Have you ever struggled to get engagement and buy in for your HR technology? Have you ever found it difficult to align your road map with the needs of your business?

Here are 10 quick tips and tricks to help you strategically leverage your HR technology, win support and achieve maximum value from your investment.

1. Commercial focus

No matter how inspiring your vision is for digital HR transformation, business leaders will always demand commercial focus; by demonstrating how your solution will reduce operational costs, increase productivity and enhance the overall experience, you gain a much higher chance of winning executive support.

2. Strive for maximum return on investment (ROI) from current solutions but recognise where additional investment is needed

Getting maximum ROI from your technology initiatives means constantly seeking ways to get more value from what has been implemented – think about how you can add value to the business by utilising or enhancing the current system; for example, it may be that the system has capability to show business metrics to senior managers at the touch of a button, which will help them make more informed decisions or it could be, that you can streamline performance management processes through the system, thus reducing manual administration and enhancing the quality and consistency of the information captured. There will always be ways to squeeze more value from the tools you already have, so be sure to look at what these are. However, in some cases, it may be necessary to accept when the current systems lack capability or scalability and in this case, additional investment in more appropriate technology may be necessary.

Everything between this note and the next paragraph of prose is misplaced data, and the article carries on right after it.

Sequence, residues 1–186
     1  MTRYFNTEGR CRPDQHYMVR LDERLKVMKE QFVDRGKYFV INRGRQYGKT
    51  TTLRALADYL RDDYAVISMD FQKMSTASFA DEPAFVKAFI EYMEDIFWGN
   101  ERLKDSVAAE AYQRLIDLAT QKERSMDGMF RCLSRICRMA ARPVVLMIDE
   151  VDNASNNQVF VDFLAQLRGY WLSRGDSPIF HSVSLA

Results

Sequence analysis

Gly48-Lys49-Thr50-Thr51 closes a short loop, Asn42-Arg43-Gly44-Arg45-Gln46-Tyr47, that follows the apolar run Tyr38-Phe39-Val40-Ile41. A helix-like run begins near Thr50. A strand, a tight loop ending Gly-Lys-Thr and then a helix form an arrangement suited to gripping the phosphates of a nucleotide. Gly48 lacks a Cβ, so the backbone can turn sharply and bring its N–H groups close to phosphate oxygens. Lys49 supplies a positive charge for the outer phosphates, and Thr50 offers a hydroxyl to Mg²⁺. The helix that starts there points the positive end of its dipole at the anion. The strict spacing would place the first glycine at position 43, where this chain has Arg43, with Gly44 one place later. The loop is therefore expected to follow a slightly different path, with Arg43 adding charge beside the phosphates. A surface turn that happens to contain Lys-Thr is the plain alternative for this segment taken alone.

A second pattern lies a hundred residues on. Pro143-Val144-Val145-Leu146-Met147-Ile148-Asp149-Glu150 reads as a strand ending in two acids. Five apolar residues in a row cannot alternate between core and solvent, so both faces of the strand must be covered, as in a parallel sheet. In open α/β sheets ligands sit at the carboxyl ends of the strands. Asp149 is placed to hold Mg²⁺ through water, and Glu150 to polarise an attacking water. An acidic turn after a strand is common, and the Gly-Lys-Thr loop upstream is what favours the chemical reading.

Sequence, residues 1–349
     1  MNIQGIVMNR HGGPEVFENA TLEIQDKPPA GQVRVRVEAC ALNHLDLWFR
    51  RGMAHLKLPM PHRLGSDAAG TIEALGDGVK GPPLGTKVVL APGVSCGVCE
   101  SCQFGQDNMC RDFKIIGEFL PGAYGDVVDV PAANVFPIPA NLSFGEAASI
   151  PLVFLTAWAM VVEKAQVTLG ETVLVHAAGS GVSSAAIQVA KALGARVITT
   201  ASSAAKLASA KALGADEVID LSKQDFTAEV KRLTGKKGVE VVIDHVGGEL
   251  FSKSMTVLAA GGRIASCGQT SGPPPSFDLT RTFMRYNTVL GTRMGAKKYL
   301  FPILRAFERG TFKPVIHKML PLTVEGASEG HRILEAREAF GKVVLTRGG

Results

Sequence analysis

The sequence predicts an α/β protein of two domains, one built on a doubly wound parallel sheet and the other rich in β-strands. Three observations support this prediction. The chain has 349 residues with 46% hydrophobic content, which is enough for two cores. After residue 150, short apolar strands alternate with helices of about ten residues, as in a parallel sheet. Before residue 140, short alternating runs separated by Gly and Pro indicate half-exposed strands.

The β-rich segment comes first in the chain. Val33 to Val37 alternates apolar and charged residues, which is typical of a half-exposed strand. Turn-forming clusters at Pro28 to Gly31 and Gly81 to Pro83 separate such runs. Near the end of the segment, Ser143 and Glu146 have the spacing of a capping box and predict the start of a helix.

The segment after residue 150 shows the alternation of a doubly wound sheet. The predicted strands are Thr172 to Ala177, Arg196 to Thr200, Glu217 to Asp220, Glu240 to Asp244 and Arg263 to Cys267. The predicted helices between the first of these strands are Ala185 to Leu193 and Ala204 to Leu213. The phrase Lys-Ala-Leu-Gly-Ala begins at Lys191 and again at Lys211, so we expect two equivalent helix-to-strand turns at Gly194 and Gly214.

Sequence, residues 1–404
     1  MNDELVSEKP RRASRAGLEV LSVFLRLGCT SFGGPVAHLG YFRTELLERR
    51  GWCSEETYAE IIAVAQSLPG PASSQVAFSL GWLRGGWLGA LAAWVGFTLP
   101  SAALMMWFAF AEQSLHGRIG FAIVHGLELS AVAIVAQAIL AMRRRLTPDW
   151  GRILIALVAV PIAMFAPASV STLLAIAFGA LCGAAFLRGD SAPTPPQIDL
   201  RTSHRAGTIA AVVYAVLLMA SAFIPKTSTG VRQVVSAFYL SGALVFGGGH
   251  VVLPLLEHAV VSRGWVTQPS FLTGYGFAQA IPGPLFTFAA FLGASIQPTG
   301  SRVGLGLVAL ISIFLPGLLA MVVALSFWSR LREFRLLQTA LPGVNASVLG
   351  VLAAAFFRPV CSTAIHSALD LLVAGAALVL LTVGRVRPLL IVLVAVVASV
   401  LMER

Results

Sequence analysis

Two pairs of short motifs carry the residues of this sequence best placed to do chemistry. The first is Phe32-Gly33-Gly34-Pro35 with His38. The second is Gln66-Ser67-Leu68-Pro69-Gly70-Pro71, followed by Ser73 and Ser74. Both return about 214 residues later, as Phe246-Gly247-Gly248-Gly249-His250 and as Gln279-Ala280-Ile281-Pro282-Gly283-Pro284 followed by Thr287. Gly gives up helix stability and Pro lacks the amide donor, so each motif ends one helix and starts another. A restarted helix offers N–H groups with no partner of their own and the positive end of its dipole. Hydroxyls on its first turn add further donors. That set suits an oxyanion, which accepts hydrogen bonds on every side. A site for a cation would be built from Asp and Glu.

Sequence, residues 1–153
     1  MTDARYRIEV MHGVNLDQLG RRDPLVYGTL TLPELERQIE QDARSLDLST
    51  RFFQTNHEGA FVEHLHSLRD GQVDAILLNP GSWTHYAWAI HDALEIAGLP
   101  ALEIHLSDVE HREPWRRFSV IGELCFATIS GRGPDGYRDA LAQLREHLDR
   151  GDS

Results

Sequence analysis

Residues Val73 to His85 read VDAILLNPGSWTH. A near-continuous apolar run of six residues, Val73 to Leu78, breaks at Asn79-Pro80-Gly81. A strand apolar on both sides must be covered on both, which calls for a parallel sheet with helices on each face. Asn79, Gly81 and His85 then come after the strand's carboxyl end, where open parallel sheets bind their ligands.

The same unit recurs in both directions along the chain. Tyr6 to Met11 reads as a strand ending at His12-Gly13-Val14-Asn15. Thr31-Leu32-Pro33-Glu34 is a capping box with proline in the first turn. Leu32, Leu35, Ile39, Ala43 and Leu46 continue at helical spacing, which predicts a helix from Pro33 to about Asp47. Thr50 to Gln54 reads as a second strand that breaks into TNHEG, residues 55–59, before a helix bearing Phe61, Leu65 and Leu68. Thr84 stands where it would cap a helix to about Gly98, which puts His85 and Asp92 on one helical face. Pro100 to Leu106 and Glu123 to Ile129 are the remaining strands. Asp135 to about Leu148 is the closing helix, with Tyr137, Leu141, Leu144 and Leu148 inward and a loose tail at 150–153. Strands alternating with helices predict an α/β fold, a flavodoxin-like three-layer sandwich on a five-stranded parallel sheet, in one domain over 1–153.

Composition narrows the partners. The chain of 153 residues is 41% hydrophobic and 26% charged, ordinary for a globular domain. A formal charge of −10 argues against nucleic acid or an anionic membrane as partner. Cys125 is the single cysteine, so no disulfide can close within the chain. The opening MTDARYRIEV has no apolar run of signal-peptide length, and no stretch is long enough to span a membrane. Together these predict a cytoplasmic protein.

3. Demonstrate alignment with business goals and develop solutions to legitimate challenges

Something once said to me was “if you’re doing something that doesn’t relate to the company objectives, then you probably shouldn’t be doing it – or at the very least, it should be challenged.” Another phrase I’ve often heard is “the tail wagging the dog” or “system driving process.” These scenarios are rarely synonymous with a successful business application. After all, how can you expect to achieve maximum value for the business, if you are taking a different direction to everyone else? When planning HR technology initiatives, make sure they are aligned to the direction of the business.

4. Look holistically across the business and view HR technology as a business enabler rather than a ‘HR tool’

What happens if you try to build a house without putting in the foundations? What may happen to that house over time, if weak foundations are built to begin with?

The key to a successful road map is to first and foremost consider HR technology to be the enabler and a foundation that supports the business strategy. Once good foundations are in place, you can build up from there.

5. Look at opportunities to enhance the “people experience”

In a world that is becoming rapidly more digitised, it is important not to lose the “human touch” and in fact, I would also suggest it creates huge opportunities to set yourself apart when you show that you can effectively use technology to truly enhance the “people experience.” How can you make people’s lives easier each day, take away the pain of tedious processes, make information available on demand, encourage a positive, proactive and highly engaged workforce?

HR technology is creating new opportunities to provide a better people experience each day. A good place to start is to simplify, streamline and consolidate – having few systems or seamless integration between applications immediately takes a big headache away from people’s working lives. That’s just the start, the possibilities beyond this are endless but get the basics right to begin with.